In Review Times Two: Dare Dare, the Biography by Daniel Tartarsky

Steve Herbert, who’s involved in the Altered Vistas web site and Eagle Times and Eagle Flies Again contributor Steve Winders have kindly reviewed Daniel Tartarsky’s new Dan Dare book for downthetubes…

Dan Dare, Pilot of the Future: A Biography by Daniel Tatarsky
Publisher: Orion Books

Hardback 240 black and white printed pages and 64 colour pages.

Out: Now

The Book: Dan Dare, pilot of the future, was the creation of Frank Hampson, a young artist who cut his teeth on Meccano Magazine. Beginning in April 1950, Dan Dare was the lead strip in the hugely successful Eagle. The strip would only run to a couple of pages, but stories (and their weekly cliffhangers) could run for over a year. The majority of the strips involved Dan, a suave, natural leader, doing battle with all manner of alien lifeform to preserve the future wellbeing of Earth. Hampson’s bold use of colour and figurative style (he used real-life models) were groundbreaking in post-war austerity Britain.

A sketch by Hampson for to help another
artist, Desmond Walduck, featured in
Dan Dare, The Biography

In Dare Dare, the Biography, Daniel Tatarsky, with the entire Eagle archive open to him, researches the adventures of Dan Dare (and his co-pilots), and brings Britain’s favourite space hero to life. Talking to the original writers and illustrators, Tatarsky tells the story of Dare and Eagle, and paints a portrait of a nation emerging from World War 2, ready for life on other planets…

Review by Steve Herbert: This is the story of the creation of Earth’s greatest space hero,  and the story of the two men who would together create the worlds gtratest childrens comic.

Tartarsky tells the story of the Reverend Marcus Morris amd Frank Hampson’s early beginings before Eagle, how Morris became a clergyman, created the Christian magazine The Anvil and formed the SCP (Society of Christian Publishing) and how he took the magazine all over Fleet Street with Frank’s dumny comics to sell it single handedly, to save himself from bankruptcy.

Intertwined with Morris’s story, Tatarsky tells us how Hampson, the son of a policeman, discovered the world of comic books, learned his skils as an artist, discovered Space Travel in Antwerp during his Military service during wartime – and the eventual meeting of the two, which resulted in Morris offering Hampson work on The Anvil. Then how they went from a Christian magazine selling 9000 copies to a children’s comic selling 900,000 copies of its first issue.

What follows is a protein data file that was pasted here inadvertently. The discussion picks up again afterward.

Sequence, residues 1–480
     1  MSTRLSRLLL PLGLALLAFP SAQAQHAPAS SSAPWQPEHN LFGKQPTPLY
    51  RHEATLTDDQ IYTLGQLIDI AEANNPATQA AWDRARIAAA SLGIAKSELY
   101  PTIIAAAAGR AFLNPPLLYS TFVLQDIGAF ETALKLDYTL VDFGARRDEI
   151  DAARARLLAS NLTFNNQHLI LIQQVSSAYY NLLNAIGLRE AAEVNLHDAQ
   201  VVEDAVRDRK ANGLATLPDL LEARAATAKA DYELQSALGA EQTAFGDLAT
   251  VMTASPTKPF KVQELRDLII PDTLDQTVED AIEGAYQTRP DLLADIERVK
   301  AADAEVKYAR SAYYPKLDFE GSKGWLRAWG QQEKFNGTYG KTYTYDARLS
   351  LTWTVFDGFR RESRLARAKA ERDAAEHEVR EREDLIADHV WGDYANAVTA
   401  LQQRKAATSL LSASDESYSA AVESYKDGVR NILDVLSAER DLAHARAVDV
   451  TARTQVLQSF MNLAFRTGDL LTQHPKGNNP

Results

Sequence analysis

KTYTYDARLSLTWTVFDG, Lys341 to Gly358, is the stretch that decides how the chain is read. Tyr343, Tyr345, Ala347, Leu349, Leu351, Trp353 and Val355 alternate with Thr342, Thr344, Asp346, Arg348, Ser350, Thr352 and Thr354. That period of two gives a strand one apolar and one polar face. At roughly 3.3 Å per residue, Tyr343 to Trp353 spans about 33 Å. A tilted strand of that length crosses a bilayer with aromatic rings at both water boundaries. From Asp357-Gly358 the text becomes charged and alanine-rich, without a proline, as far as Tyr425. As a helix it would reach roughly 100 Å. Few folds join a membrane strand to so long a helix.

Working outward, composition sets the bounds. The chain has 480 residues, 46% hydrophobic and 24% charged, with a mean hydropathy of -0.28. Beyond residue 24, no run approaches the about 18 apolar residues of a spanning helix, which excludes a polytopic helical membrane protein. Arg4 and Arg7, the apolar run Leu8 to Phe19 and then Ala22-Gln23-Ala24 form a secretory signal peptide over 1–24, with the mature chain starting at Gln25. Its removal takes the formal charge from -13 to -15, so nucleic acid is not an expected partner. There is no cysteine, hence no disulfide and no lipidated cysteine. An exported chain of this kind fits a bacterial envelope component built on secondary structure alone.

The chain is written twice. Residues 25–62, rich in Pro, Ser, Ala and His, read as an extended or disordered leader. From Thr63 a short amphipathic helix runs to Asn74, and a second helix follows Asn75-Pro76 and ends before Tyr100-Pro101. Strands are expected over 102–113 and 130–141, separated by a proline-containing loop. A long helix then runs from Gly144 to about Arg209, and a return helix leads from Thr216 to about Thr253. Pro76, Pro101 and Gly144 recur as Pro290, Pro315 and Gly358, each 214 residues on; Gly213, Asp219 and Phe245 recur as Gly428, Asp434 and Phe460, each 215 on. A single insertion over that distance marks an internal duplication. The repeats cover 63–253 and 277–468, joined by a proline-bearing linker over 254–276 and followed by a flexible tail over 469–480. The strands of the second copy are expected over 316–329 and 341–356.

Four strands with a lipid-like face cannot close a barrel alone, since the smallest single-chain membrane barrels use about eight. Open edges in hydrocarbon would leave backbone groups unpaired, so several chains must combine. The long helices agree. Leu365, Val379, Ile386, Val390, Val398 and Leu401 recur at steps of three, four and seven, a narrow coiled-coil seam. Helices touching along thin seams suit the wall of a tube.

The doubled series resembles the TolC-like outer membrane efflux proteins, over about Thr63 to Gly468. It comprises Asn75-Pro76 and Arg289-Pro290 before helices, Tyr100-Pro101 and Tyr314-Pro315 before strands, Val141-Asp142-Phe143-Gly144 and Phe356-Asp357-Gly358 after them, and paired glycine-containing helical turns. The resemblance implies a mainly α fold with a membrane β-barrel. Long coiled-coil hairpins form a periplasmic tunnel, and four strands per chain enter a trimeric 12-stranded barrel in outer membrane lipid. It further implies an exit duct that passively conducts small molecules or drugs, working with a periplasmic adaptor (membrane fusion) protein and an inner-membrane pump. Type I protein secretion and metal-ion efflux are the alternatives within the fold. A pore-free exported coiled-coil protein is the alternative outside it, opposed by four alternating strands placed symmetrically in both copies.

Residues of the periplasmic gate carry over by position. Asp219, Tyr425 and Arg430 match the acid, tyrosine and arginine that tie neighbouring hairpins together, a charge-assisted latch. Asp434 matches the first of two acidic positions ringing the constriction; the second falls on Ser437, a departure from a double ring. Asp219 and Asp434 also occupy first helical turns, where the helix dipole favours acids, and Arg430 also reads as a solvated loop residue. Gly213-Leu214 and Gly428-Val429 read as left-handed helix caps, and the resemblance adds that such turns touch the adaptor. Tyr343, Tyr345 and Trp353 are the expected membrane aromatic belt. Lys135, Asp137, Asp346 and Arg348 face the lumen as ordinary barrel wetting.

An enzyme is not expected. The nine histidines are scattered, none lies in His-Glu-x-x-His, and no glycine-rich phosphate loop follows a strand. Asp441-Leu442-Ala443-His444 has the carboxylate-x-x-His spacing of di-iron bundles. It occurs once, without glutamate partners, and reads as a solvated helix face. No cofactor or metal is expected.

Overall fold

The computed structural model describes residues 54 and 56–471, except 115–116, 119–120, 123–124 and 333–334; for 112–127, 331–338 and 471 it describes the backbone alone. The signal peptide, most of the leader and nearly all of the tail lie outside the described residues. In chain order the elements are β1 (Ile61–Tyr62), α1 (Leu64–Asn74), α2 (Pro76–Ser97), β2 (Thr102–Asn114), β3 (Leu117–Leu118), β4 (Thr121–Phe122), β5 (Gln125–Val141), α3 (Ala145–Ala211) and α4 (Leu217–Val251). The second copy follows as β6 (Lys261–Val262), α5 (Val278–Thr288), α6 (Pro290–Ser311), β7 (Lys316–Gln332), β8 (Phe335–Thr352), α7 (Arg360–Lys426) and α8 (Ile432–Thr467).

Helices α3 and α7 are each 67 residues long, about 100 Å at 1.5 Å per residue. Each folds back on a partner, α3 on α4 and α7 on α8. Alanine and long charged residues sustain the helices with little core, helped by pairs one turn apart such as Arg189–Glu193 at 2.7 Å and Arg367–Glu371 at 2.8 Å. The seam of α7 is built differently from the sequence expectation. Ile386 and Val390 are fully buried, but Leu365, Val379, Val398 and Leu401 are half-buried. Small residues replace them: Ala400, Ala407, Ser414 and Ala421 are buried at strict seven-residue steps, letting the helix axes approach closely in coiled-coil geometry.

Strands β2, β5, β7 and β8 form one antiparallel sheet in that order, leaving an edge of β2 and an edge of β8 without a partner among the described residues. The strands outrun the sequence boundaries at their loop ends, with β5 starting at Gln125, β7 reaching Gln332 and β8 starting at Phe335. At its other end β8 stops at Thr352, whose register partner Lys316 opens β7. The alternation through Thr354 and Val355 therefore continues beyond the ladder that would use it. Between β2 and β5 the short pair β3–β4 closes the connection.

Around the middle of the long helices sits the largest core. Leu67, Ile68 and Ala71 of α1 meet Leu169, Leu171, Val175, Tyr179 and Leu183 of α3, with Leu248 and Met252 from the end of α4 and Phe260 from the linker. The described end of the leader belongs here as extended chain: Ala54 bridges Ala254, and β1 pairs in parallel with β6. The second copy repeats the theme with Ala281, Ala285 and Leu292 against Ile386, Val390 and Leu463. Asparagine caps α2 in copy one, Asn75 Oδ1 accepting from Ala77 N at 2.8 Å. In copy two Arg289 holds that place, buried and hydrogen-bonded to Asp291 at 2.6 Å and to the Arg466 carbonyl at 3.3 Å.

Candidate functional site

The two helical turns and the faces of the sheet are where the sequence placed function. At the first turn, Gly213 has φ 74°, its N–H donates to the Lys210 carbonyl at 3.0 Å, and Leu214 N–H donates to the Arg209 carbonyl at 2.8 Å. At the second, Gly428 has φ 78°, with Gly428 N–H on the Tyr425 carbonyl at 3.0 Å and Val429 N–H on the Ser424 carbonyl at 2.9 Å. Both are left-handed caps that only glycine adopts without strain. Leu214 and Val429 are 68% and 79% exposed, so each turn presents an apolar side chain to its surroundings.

The book follows the process of Eagle through the early studio system and its hardships and job losses, through to the end of Morris and Hampson’s run through to Frank Bellemy’s time and beyond.

Although Tatarsky goes into details of many aspects of Dan Dare’s creation, he dosen’t set out to cover one area, but the general story he tells in style. The book is packed with a fair number of colour illustrations, and several in black and white. It’s great value for money and made a excellent Christmas present – and for any Eagle fan, looks great on your shelf!

One of many photographs taken to provide Hampson’s team with visual reference
during the creation of the original Dan Dare stories for Eagle.

Review by Steve Winders: Daniel Tatarsky’s enthusiasm for ‘Dan Dare’ comes across clearly in this entertaining and informative book, which tells the remarkable story of how Southport vicar Marcus Morris and young artist Frank Hampson created Britain’s best selling comic and its famous space hero. Tatarsky provides a clear insight into the early life of Eagle from his interviews with Morris’ daughters, Hampson’s son and surviving members of the studio that Hampson set up to produce the Dan Dare strip.

Colour pictures of studio sketches, roughs and photographs reveal the effort that Hampson and his team made to make the strip so convincing.

Dan Dare creators Frank Hampson
and Marcus Morris with their
character. Art by Don Harley

As Tatarsky takes the story past the Hampson era his background information is not so detailed however and there are several mistakes. He wrongly attributes Hampson’s departure from Eagle to Odhams Press, who bought the publication in 1959. Although Odhams dismantled Hampson’s studio he did not leave until after the Mirror Group took over the publication.

Tatarsky also makes several references to Keith Watson producing the artwork for the strip single handed from March 1962 until January 1967. While it is true that he did work on his own for much of this time, he was assisted by Eric Eden for a period, during which Eden produced some stunning airbrush work. Other comments in the book indicate that Tatarsky was unaware of this.

Writing briefly about the relaunched Eagle which began in 1982 he says that it was given the “catchy name” of New Eagle and that it ran until 1992. In fact it was called Eagle and ran until 1994.

There are other mistakes, too, but Tatarsky nevertheless analyses the original Eagle stories very well and explores the success and influence of Dan Dare with a real understanding.

Errors apart, this is a well written book which definitely captures the spirit of a remarkable strip and its creation.

Categories: Reviews


1 reply

  1. In 1990 it was retitled ‘The New Eagle starring Dan Dare’ – not sure if that held until the end in 1994 though.

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